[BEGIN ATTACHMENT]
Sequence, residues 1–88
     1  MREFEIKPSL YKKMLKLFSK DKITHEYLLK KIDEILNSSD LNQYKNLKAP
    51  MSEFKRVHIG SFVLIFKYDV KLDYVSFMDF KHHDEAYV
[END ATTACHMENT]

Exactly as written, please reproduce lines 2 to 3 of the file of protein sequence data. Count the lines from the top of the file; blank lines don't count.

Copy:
     1  MREFEIKPSL YKKMLKLFSK DKITHEYLLK KIDEILNSSD LNQYKNLKAP
    51  MSEFKRVHIG SFVLIFKYDV KLDYVSFMDF KHHDEAYV